Grenada & Carriacou
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Travel Guide, Winter 1995-1996
Grenada & Carriacou
The mention of Grenada usually recalls the Reagan-era invasion of this 133-square-mile island, whatever that was about. Not to worry–its welcoming atmosphere has returned, and this verdant, mountainous island about 100 miles north of Venezuela has reclaimed its reputation as a great place to hike, bike, dive, or just hit the beach.
Most people stay in the island’s southwest corner, where the best beaches, the airport, and most hotels are located. Also here is St. George’s, a hilly town of red-roofed houses surrounding a horseshoe-shaped harbor. To the north lie Grenada’s satellite isles, 13-square-mile Carriacou and 586-acre Petit Martinique, the de facto smuggling capital of the Grenadines (mostly
Head north and east out of St. George’s, and you’ll find relatively unspoiled terrain: the Central Mountain Range and the Grand Étang Forest Reserve, named for the large crater lake nestled at 1,740 feet on the slope of 2,300-foot Mount Qua Qua. The highest peak, 2,756-foot Mount St. Catherine, is just to the north of the reserve, where you can undertake several hikes.
In 1994, Levera National Park, in the northeast corner of the island, opened its 450 acres of coastal beaches and ponds, as well as the River Sallie Boiling Springs. The Forestry Department (809-440-2934) supplies detailed geologic maps that indicate hiking trails, but for the little-known trails that don’t show up on any map, call Henry’s Safari Tours ($30-$70 per person;
The rugged road that traces the island’s north coast takes you along a 60-mile stretch of the Central Range and through dozens of small villages, revealing vistas of windswept beaches and intensely green mountains. To see it from a mountain bike, call Ride Grenada on Grand Anse (809-444-3263), which rents 15-speed mountain bikes for $10 per day.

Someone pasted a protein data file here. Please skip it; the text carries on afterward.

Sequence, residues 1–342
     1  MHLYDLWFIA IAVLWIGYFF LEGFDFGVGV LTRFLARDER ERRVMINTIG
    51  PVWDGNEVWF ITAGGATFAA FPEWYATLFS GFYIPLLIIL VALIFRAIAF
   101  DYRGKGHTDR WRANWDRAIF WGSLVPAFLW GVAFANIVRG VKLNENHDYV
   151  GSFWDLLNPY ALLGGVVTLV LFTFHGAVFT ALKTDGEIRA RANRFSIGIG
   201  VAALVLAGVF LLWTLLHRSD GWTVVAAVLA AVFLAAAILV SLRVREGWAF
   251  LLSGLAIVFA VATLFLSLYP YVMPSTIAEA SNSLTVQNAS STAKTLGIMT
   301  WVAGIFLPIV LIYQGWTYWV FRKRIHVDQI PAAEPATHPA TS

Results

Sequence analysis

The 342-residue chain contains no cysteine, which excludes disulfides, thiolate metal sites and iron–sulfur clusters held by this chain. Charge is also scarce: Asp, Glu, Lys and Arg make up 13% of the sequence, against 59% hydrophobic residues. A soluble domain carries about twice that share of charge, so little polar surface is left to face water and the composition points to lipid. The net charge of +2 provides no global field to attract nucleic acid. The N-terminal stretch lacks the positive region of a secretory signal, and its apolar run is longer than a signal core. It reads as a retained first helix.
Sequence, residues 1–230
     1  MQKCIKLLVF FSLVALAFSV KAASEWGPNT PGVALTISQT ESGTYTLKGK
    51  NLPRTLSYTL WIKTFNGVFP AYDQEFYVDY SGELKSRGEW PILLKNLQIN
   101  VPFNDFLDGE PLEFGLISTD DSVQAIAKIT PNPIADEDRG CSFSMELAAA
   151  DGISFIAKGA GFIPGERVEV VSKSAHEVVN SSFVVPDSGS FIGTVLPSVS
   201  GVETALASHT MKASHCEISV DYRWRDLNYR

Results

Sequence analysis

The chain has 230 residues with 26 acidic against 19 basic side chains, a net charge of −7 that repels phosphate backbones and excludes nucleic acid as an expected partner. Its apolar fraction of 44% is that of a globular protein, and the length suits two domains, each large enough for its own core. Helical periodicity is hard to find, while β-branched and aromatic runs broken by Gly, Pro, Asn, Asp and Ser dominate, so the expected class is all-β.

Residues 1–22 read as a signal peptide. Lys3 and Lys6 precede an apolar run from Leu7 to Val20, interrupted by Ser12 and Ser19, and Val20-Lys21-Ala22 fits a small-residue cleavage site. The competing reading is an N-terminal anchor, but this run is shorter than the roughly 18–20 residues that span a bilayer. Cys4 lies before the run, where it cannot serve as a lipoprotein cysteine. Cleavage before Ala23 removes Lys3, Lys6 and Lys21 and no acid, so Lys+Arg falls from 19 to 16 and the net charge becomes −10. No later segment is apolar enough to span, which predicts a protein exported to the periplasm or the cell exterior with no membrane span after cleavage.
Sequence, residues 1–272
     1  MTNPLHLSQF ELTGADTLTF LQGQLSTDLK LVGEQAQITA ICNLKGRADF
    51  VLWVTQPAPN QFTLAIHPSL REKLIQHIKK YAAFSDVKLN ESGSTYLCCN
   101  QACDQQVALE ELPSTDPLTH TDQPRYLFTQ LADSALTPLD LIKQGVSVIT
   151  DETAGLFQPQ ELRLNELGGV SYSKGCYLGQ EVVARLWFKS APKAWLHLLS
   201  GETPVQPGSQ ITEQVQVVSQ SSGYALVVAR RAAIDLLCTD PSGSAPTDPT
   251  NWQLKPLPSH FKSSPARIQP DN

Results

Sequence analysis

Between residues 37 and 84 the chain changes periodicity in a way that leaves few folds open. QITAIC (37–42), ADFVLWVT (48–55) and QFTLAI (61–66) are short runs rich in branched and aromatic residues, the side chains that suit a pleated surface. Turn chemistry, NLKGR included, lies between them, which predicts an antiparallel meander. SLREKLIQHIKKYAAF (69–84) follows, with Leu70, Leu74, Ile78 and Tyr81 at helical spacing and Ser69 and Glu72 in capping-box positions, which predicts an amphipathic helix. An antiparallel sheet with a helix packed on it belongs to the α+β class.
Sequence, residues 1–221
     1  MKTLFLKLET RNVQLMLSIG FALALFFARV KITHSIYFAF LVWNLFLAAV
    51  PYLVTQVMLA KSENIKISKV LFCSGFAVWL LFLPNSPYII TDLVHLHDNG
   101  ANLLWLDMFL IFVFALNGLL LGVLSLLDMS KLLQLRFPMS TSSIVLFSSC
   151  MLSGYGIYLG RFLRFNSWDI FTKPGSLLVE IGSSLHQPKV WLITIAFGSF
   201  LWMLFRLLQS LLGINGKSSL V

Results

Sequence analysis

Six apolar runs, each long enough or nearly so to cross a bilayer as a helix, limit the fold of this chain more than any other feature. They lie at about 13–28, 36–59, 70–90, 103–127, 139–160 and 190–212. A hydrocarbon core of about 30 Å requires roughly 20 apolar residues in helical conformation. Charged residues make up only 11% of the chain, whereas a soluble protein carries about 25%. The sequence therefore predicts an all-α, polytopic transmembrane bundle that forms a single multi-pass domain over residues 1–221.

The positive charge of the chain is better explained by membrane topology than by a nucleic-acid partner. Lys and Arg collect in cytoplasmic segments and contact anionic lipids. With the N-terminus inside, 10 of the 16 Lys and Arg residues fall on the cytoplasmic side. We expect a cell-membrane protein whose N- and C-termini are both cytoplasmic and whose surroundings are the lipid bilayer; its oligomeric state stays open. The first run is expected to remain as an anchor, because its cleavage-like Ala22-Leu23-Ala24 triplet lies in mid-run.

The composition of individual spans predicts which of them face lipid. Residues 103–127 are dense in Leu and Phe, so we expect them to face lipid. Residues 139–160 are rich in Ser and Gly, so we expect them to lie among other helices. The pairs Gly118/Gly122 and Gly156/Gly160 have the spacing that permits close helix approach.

Off the west coast, divers explore Molinere Reef and its tropicals (yellow-headed and mottled jawfish, spotted drums) and morays, as well as the wreck of the Buccaneer, a two-masted sloop in 80 feet of water, and the Bianca C, a 600-foot cruise ship sunk in 167 feet of water. Another great west-coast dive site is
Most hotels are clustered south of St. George’s. On Grand Anse, the Grenada Renaissance Resort (doubles, $180 to $550; three- to seven-night dive packages, $343-$1,103; 800-468-3571) has a complete water-sports center for diving, boardsailing, and sailing. The smaller Flamboyant Hotel (doubles, $85; 809-444-4247), with 39 cottages on the beach’s southern end, is a low-key
One of the Caribbean’s most beautiful beaches, Anse la Roche, is on Carriacou’s northwest corner at the base of 955-foot High North, the island’s tallest point, and is accessible only by boat or on foot (a 50-minute walk from Hillsborough). A longer walk heads north from Hillsborough, wrapping around High North and passing the bird-dense mangrove swamps of Petit Carenage Bay en
With a little haggling, you can hire a boat to take you to Petit Martinique, where there’s little to do but sit on the beach. To overnight there, stay at Sea Side View Holiday Cottages (doubles, $40; 809-443-9210), the only lodging on the island.
Carriacou’s best dive sites are Kick ’em Jenny, with 80-foot visibility and a wall with abundant coral; Sandy Island, full of turtles, a good night-dive site; and Bonaparti Rocks, on the Atlantic side, a drift dive for experienced divers only. Book your trips through Carriacou Silver Diving in Hillsborough (two-tank dive, $70; 809-443-7882).
The preferred place to stay is the Caribbee Inn (doubles, $110-$150; $35 extra for breakfast and dinner; 809-443-7380), on a bluff overlooking Hillsborough Bay, only a 20-minute walk from Anse la Roche.